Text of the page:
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Nintendo Wins Patent Infringement Case that would have seen Wii and Wii U banned in US
Nintendo Wins Patent Infringement Case against Creative Kingdomes

Nintendo Wins Patent Infringement Case

Nintendo wins patent infringement case against Creative Kingdoms in the federal appeals court. Creative Kingdoms brought this case to court back in March of 2011. They claimed Nintendo was in violation of various patents relating to wireless, handheld game controllers. The case covered the Nintendo Wii, Wii Remote, Wii Motion Plus, Wii Remote Plus, Wii Nunchuk and the Nintendo 3DS. If Creative Kingdoms had their way Nintendo devices infringing the patents would be blocked from importation, effectively making them unavailable in the United Statues. Now, after nearly four years in court processing, the federal appeals court has decided in favor of Nintendo. This case was partly decided earlier in September of 2013 but now has been given confirmation.

Creative Kingdoms is a theme park operator which has a magic wand product similar to the Nintendo Wii’s controller set up. The case lasted so long that the Wii U was also included after its release but was also dismissed in favor of Nintendo. The decision came with the conclusion that Creative Kingdoms attempted to claim more than it invented. Judge Bullock was reprimanded by Creative Kingdoms, who stated that to see the violation, “one need only apply common sense.”

Nintendo was obviously happy with the outcome. Richard Medway, Nintendo of America’s Vice President said, ““We are pleased with the court’s determination. Nintendo’s track record demonstrates that we vigorously defend patent lawsuits, particularly when the patents are being stretched beyond the inventors’ ideas. Nintendo continues to develop unique and innovative products while respecting the intellectual property rights of others.” Nintendo did lose a patent battle in court with Philips Electronics in the UK for the Wii consoles ability to recognize hand gestures and motion. Nintendo also lost a patent case against Seijiro Tomita of Tomita Technologies USA for the Nintendo 3DS’s 3D camera and glasses-free 3D functionality.l Tomita stated that he had approached Nintendo with the technology earlier, but was rejected. When the Nintendo 3DS went on the market he called foul.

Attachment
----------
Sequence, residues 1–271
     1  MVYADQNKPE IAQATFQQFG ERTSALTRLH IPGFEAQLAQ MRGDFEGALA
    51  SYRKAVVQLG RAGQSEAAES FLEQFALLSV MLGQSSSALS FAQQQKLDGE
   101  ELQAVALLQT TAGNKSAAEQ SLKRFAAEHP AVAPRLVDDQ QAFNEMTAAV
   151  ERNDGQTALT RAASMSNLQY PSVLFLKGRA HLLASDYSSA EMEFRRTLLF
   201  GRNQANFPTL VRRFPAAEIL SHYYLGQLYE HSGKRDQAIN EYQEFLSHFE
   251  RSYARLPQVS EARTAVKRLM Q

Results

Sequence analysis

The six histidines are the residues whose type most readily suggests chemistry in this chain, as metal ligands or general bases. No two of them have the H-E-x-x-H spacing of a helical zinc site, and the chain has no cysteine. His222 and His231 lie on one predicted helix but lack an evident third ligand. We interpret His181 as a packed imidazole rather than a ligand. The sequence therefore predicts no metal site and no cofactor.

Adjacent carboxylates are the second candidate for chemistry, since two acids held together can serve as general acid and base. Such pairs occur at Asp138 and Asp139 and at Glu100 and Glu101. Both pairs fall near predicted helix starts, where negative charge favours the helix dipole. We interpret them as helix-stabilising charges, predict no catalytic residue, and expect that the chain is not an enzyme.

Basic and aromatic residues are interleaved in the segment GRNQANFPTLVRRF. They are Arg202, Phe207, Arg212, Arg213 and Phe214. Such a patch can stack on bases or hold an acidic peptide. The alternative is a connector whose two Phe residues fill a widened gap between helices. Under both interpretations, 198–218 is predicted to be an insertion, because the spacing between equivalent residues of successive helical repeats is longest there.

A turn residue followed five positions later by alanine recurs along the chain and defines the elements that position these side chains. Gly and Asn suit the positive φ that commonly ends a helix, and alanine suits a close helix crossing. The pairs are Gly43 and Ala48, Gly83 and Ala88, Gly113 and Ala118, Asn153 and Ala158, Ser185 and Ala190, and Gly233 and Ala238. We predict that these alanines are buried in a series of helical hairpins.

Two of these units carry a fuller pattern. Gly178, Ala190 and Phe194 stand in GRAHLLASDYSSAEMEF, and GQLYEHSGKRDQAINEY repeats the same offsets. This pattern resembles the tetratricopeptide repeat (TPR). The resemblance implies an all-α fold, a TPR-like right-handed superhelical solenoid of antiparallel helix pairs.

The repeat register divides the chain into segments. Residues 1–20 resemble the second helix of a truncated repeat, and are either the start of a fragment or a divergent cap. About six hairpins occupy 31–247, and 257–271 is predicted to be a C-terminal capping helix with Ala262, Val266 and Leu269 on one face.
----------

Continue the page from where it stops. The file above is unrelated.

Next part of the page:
Its no surprise that some companies are willing to go to great lengths to get some of Nintendo’s money, as last generation’s Wii console is one of the most successful consoles ever.

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